Kogonada's debut film Columbus is a spellbinding feature about architecture, beauty and human connections. A stunning vehicle for co-stars Haley Lu Richardson and John Cho, Columbus goes to show that small movies can have a huge impact, and stay with you long after the credit rolls. Possibly the best movie of last year, Columbus is a stunner - a movie you shouldn't miss out on.

As the title itself suggests, this is first and foremost a movie about places. Physical places, such as the city of Columbus, Ohio, in which the entire movie takes place; but also places of the mind - with Haley Richardson's Cassandra and John Cho's Jin being the two souls stuck not just in a city, but in a state of mind, for a fleeting few days.

Indeed, "Columbus" is also a movie about being stuck. Jin, Cho's character, is called to Columbus when his father - one of the most prominent architects of the 20th century - goes into a coma following a stroke. Cassandra, masterfully played by Richardson, has lived in Columbus her entire life, and is now faced with the choice of either going to college or staying at home to care for her addict mother.

Both characters have significant baggage, and it would be easy for "Columbus" to fall into the trap of becoming a cliché feel-good movie about overcoming adversities with the help of strangers. Luckily, Kogonada's incredible script manages to steer the entire cast away from this disaster, and makes the movie an incredible, ethereal, out-of-this-world experience about being lost together.

And what a wonderful place Columbus to get lost. "Meth and modernism are really big here", jokes Casey about her city, and sure enough, both play an important role in the movie. Meth is the addiction Casey's mother suffers from - and the reason why she is reluctant to leave Columbus, despite having an offer from a good college and a prestigious architecture firm. Modernism, on the other hand, defines Jin's frayed relationship with his father, an architect who always cared more about his work legacy than the relationship with his son or partner.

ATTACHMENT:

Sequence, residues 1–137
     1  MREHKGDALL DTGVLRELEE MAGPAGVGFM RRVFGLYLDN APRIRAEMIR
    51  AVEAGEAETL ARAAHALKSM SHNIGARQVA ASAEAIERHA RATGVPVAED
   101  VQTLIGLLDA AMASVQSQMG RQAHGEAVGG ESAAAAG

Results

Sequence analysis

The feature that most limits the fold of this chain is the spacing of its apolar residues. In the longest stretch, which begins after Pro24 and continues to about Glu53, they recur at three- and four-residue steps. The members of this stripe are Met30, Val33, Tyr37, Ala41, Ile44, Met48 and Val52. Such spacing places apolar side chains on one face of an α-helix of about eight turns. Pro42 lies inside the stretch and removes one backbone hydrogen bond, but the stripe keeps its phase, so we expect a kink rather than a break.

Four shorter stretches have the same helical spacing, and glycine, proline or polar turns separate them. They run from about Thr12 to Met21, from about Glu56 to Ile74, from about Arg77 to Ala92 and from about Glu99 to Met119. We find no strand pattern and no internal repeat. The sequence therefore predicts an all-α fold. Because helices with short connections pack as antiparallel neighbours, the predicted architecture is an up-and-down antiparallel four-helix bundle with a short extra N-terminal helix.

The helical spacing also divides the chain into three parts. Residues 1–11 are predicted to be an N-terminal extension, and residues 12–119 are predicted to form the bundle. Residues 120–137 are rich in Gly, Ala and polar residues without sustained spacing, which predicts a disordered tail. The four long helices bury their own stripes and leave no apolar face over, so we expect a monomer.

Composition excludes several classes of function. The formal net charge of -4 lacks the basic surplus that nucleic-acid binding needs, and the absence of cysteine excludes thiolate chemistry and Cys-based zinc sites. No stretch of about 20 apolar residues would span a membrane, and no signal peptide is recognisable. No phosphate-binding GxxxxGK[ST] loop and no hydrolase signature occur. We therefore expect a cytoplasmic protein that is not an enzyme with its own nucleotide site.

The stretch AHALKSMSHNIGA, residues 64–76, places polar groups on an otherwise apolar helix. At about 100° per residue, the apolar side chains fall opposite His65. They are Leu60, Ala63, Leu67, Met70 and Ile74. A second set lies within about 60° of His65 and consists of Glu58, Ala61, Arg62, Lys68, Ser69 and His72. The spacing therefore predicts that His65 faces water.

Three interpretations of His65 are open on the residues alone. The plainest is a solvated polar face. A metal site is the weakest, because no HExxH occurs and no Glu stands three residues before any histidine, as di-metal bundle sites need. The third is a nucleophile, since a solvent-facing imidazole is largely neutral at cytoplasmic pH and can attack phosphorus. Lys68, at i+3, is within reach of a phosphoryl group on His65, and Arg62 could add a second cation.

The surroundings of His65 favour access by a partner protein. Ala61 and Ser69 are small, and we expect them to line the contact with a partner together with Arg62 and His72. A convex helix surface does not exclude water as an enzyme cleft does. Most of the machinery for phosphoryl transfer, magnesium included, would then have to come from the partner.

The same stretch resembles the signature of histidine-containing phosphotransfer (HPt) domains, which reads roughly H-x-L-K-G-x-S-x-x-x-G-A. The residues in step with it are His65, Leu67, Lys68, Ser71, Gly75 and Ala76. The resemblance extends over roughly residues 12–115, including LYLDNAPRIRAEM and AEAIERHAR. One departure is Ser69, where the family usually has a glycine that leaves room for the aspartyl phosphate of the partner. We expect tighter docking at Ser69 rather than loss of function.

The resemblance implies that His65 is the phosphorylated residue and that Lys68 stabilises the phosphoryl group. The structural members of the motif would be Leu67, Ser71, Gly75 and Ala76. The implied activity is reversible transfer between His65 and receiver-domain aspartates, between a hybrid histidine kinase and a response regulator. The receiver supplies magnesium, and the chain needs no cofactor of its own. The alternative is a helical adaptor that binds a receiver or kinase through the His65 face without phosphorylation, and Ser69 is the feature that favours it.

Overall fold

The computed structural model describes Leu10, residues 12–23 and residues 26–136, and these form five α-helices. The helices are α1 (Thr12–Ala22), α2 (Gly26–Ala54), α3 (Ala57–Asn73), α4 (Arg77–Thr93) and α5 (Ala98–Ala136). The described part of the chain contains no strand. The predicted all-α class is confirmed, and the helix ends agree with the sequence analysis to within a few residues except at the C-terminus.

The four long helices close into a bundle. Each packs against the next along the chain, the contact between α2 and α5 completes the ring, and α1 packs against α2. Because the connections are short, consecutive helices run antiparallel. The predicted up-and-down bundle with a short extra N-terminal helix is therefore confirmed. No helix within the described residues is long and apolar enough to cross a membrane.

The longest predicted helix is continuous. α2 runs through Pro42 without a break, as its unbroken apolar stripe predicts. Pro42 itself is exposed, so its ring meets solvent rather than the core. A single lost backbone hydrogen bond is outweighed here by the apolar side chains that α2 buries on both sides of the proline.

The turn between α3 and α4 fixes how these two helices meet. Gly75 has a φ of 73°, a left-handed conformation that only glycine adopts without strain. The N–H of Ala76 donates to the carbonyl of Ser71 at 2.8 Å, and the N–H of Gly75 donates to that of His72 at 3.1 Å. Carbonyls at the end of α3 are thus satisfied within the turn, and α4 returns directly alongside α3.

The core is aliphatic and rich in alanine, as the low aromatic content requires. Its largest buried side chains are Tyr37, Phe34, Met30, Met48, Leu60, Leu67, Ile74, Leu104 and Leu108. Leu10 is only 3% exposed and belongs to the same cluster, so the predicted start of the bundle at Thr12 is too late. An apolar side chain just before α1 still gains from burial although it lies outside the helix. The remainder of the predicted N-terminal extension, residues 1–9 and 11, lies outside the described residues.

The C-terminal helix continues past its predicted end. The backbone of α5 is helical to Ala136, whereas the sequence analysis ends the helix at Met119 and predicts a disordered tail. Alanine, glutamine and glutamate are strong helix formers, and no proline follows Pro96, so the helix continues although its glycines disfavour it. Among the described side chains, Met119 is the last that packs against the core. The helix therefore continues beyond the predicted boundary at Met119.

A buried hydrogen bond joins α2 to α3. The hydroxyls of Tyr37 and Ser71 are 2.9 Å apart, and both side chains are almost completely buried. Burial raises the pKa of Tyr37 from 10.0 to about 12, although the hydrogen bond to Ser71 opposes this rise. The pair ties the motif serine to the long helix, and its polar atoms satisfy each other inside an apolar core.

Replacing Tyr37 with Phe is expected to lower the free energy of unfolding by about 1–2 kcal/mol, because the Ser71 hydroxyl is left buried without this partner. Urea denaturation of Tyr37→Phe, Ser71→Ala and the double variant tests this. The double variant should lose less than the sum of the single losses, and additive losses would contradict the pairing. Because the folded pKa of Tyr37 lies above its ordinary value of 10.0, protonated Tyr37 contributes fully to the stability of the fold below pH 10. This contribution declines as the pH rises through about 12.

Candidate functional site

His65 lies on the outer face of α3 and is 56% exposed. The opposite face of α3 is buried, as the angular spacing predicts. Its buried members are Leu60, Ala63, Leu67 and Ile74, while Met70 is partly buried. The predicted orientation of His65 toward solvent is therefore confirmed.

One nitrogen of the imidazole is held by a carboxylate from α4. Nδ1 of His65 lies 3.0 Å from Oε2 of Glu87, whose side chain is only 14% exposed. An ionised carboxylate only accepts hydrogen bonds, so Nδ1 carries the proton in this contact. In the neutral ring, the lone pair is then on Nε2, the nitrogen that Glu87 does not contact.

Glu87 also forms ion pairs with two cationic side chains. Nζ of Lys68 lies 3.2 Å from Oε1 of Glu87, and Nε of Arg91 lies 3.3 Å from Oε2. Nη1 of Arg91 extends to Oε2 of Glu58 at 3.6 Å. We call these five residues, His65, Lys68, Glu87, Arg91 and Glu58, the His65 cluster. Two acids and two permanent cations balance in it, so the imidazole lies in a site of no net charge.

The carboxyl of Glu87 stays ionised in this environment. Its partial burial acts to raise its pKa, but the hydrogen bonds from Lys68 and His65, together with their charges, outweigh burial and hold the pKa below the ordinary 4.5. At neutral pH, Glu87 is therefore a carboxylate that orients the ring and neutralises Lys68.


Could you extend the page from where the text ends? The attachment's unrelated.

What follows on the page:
But modernism, and architecture in general, is also the driving force behind "Columbus" spellbinding visuals, photography, and atmosphere. Both characters find comfort in the spaces around them: "in the middle of all the mess" - explains Casey in one of the most beautiful scenes of the movie - "I felt like I had been transported somewhere else". And indeed, this movie does transport us somewhere else - with his ethereal soundtrack, incredible photography and amazing framing of some of America's best known architectural masterpieces; and with most scenes featuring Jin and Casey being also devoid of any other human presence, making it look as if Columbus is no longer a physical city, but their own beautiful, personal, place to find comfort together.

Sure enough, comforting is probably the one word that best describes "Columbus" as a movie. It is not a grand story about heroes, nor an epic tale of life and love. It is just a beautiful, touching portrait of two regular people in a regular city, who choose to see the beauty around them instead of simply accepting it as it is.

"Most people, they don't really have any idea. I mean, they know some things, but they really don't give a shit" tells Casey to Jin.
But that's not the case for the characters here, nor for everyone involved in this beautiful gem of a movie. Cassandra and Jin do care about the people around them, and while both characters are defined by the short stay in the beautiful places Columbus has to offer, they also end up leaving their mark on the city and on each other.

And they also end up leaving a mark on the viewer, for "Columbus" is one of these movies that will stay with you long after the credits have rolled. Perfectly constructed and brilliant to boot, with incredible performances not just by the leading characters but by the supporting cast (Carter Posey and a melancholic Rory Culkin to name a few), and featuring an amazing soundtrack by Hammock, "Columbus" will end up building a place in your mind as homely as its architecture, and as beautiful as its characters. "Columbus" is a stunning debut, one of the best movies of last year, and an absolute, definite must-watch.

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Is this brilliant or dumb: Every track in Hammock's ethereal ambient soundtrack for "Columbus" is also named after a famous architect 💁